Training plays a crucial role in ensuring a happy and successful relationship between you and your dog. The foundations for a happy, well-adjusted dog are laid down during the early stages of puppyhood with a well-structured training program; this should be fun for you and your dog. There are many methods of training, but the most satisfying for both you and your dog are those based on positive reinforcement—which means the dog is rewarded for correct actions.
How dogs learn
To train a dog most effectively, we need to understand how dogs learn. In the "doggy world," learning consists of trying out new behaviors and seeing what happens as a consequence of this behavior. If the behavior (action) is followed by a good consequence, the dog will repeat the behavior. For example, a dog who begs at the table might be rewarded by getting food. But if the behavior (the begging) is followed by a negative consequence, such as no food being given, the dog will eventually stop the behavior.
Effective training should work on the same principle. It should be a combination of information: what you want the dog to do; motivation: a reason for your dog to do it; and timing: when to reward a good action.
Clicker training uses the principle of positive reinforcement. A "clicker" is a small plastic box containing a strip of metal that makes a clicking sound when pressed. The vital first step to clicker training is finding the dog's motivation. For most dogs, this means either a tasty snack or play.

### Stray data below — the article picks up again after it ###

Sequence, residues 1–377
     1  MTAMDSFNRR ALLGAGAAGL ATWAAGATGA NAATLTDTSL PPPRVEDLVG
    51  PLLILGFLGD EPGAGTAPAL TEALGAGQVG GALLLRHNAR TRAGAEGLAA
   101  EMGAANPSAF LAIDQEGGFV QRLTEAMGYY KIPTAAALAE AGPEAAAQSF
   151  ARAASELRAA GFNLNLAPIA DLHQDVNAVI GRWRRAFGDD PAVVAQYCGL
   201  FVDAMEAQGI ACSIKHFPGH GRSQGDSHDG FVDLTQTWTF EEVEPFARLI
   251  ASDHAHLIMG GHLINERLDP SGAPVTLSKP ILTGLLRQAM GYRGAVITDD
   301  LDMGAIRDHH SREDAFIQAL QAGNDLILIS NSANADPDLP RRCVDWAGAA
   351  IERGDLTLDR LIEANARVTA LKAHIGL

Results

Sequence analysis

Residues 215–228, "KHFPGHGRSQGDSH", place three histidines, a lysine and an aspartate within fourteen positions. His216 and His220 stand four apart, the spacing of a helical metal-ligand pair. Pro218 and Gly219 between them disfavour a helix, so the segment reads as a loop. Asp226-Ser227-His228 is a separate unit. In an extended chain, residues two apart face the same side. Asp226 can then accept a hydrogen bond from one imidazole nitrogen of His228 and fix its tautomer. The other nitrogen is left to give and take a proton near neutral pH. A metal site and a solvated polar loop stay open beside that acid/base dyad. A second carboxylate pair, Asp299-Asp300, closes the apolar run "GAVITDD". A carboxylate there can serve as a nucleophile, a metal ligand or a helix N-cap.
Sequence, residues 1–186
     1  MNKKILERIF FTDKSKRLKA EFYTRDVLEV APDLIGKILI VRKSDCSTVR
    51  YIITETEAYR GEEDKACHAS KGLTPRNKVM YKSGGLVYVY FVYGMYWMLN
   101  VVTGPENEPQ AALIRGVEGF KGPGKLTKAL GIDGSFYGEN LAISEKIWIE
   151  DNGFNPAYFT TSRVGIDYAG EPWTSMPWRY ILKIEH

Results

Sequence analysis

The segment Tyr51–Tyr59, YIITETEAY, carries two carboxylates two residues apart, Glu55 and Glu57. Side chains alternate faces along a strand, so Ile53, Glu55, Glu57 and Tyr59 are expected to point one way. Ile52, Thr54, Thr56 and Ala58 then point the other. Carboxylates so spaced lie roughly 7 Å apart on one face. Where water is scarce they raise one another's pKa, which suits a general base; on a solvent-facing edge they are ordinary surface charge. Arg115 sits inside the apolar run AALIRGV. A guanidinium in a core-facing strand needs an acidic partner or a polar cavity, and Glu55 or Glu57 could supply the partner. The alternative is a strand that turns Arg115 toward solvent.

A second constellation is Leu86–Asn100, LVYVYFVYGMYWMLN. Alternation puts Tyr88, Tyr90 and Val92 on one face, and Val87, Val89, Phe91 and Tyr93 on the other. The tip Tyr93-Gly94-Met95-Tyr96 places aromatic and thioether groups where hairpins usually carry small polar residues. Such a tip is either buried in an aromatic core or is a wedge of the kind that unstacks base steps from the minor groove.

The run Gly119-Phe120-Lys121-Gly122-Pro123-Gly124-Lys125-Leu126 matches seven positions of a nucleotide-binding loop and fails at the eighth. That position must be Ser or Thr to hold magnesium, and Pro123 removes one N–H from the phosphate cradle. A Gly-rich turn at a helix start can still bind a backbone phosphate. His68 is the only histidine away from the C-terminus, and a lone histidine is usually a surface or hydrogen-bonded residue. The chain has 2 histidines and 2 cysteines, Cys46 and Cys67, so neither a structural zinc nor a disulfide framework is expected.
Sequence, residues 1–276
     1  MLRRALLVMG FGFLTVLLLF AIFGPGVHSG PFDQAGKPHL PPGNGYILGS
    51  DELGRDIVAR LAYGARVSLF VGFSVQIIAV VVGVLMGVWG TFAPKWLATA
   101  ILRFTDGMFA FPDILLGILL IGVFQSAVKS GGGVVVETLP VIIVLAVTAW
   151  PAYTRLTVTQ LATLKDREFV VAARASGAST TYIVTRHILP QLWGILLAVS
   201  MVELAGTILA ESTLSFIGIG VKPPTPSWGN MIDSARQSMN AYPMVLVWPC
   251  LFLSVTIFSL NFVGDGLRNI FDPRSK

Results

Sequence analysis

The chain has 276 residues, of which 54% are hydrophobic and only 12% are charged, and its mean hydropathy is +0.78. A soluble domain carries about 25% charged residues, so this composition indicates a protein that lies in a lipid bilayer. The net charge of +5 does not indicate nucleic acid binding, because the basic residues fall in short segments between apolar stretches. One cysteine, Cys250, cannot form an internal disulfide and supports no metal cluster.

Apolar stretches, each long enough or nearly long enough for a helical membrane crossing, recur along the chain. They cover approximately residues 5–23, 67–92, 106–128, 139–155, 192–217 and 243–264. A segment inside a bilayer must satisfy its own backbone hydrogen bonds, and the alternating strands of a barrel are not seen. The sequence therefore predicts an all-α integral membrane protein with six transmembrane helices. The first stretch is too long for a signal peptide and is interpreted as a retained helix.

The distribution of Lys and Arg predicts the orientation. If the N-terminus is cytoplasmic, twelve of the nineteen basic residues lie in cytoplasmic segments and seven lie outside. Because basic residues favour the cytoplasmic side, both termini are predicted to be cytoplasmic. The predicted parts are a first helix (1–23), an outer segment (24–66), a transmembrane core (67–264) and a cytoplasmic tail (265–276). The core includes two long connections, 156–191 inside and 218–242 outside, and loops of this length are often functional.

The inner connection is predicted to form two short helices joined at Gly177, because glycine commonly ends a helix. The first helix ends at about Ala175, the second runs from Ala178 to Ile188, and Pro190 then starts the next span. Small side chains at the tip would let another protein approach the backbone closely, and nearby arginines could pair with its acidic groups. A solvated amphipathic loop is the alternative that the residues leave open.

The next step is to associate a positive meaning to the click, telling the dog, "Yes, this is right, you have done the right thing, and so you'll get a reward." The first stage is therefore to associate the sound of the click with something positive. You need to deliver this information within seconds.
A simple exercise to try with your puppy, using the clicker training method, is teaching him to sit:
- Hold a treat in your hand, and wait for the puppy's rear to touch the floor. Be patient. Don't be tempted to give a command or position the puppy in a sit. Wait until he eventually sits by himself.
- As soon as your puppy's rear touches the floor, click and give him a snack.
- Repeat this a number of times in short training sessions, in a variety of locations.
- Then, begin to say "sit" as your puppy's rear touches the floor. Continue to give a click and treat. Your dog is now learning that sit does indeed mean putting his rear on the floor, because he only hears this word when he's in a sitting position.
After the above has been repeated a number of times (40 - 80 times over several short sessions), you can begin to ask your puppy to sit—that is, give the command before his rear is on the floor. Continue giving a click and a snack as the puppy sits. But only ask your puppy to sit if you're confident he'll do it.
Now your puppy knows what sit means—the clicker is no longer needed for this command, but keep on rewarding him once in a while with snacks when he sits on command.
Always use positive reinforcement
There are many methods of training, and clicker training is just one. But make sure you use the principle of positive reinforcement with any training method you use.
We should aim to reward everything that's positive, desirable behavior, and ignore any negative, undesirable behavior. In practice, of course, it's not always easy to ignore all negative behavior. Jumping up at visitors, for instance, is an undesirable behavior that's difficult to ignore. It would be useful to distract the dog from an undesirable behavior by asking him for a desirable one, such as to sit. If the dog is then rewarded for sitting, he'll find that sitting is more satisfying than jumping up.